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Audiobook Review: Aftermath: Life Debt

Life Debt

Fortunately for me, Dan Z has provided a wonderful review of Chuck Wendig’s Aftermath: Life Debt, which you can read here. That leaves my task at hand to discuss Marc Thompson’s reading of this novel and the production value of the audiobook itself. In full disclosure, I have not listened to an audiobook in many years, so this was a wonderful treat to be able to experience the medium at its finest.

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The Force Awakens: The Visual Dictionary Review

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With the release of The Force Awakens on December 18th we were not only treated to a wonderfully amazing film but also a full cavalcade of literature as well. From story books such as Before the Awakening, to massively beautiful pieces like The Art of The Force Awakens and the chock full of information The Force Awakens: The Visual Dictionary. Let’s take a deep dive, shall we!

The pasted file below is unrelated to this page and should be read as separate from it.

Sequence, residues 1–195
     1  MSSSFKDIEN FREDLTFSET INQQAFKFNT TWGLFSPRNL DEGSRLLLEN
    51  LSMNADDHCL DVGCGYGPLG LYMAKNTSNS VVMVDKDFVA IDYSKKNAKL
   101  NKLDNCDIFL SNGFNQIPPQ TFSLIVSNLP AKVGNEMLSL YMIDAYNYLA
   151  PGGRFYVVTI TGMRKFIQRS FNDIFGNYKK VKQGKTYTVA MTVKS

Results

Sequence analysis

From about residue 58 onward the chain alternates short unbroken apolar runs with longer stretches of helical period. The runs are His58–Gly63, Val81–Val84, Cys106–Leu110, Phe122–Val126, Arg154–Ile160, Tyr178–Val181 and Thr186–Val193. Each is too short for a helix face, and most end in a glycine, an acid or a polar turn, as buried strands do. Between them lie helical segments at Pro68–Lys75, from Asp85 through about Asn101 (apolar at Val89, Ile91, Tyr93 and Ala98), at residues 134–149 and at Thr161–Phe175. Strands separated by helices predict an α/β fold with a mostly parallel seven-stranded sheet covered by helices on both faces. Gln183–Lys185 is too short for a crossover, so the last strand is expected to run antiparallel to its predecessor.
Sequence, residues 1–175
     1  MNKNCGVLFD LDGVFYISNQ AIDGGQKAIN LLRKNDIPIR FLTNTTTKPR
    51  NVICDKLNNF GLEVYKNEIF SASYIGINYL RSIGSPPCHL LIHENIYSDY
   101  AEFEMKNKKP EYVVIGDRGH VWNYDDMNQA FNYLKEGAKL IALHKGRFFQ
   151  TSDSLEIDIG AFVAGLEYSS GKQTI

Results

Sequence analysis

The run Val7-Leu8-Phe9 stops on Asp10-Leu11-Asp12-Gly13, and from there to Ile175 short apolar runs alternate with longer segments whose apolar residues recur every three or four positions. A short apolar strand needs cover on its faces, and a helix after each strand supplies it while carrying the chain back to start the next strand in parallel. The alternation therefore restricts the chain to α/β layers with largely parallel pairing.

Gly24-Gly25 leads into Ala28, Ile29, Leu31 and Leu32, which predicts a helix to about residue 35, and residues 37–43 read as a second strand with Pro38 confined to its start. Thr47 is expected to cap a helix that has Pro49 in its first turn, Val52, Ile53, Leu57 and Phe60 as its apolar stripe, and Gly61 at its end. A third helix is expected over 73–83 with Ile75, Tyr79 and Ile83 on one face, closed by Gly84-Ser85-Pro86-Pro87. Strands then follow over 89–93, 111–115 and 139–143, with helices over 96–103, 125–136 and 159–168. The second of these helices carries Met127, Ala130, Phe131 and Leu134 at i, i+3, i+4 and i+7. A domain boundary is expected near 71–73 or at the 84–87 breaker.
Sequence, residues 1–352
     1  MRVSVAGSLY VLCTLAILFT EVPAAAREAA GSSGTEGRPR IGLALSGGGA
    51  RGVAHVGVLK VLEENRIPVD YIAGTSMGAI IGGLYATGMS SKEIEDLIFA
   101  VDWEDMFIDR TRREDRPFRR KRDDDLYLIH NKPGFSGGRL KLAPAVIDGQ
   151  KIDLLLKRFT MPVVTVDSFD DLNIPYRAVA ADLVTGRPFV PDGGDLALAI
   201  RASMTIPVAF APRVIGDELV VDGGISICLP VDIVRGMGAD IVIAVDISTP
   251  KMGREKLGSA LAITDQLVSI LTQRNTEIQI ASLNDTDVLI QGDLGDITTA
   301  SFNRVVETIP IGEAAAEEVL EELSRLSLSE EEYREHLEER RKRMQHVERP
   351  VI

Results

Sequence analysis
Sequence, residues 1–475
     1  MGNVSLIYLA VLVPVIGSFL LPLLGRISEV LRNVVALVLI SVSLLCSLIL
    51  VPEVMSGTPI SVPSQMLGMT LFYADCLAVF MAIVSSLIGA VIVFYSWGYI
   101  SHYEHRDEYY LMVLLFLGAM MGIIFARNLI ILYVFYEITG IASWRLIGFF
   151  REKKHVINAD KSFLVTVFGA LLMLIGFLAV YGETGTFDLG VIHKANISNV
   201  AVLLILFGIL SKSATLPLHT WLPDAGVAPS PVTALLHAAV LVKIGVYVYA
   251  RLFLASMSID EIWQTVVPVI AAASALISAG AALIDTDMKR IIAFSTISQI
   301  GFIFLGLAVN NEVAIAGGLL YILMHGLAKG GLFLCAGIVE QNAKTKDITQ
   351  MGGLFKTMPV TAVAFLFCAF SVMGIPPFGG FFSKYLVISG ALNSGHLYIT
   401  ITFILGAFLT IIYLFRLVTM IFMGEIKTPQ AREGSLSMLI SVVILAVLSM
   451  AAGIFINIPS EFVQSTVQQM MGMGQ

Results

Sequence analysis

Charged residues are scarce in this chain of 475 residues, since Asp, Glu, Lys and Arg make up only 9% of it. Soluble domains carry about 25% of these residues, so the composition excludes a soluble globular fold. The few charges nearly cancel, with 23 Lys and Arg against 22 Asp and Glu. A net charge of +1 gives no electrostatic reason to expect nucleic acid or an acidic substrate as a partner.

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BOOK REVIEW: The Dharma of Star Wars

BOOK REVIEW:

The Dharma of Star Wars by Matthew Bortolin
The Dharma of Star Wars by Matthew Bortolin

THE DHARMA OF STAR WARS

By Matthew Bortolin

Synopsis:

A long time ago in a galaxy far, far away … Yoda was a Zen Master?

The Dharma is the Buddhist tutelage that guides you throughout the truisms of life’s realisms. Basically, it’s a compass that directs you along the path towards the truth of reality, in other words, real life.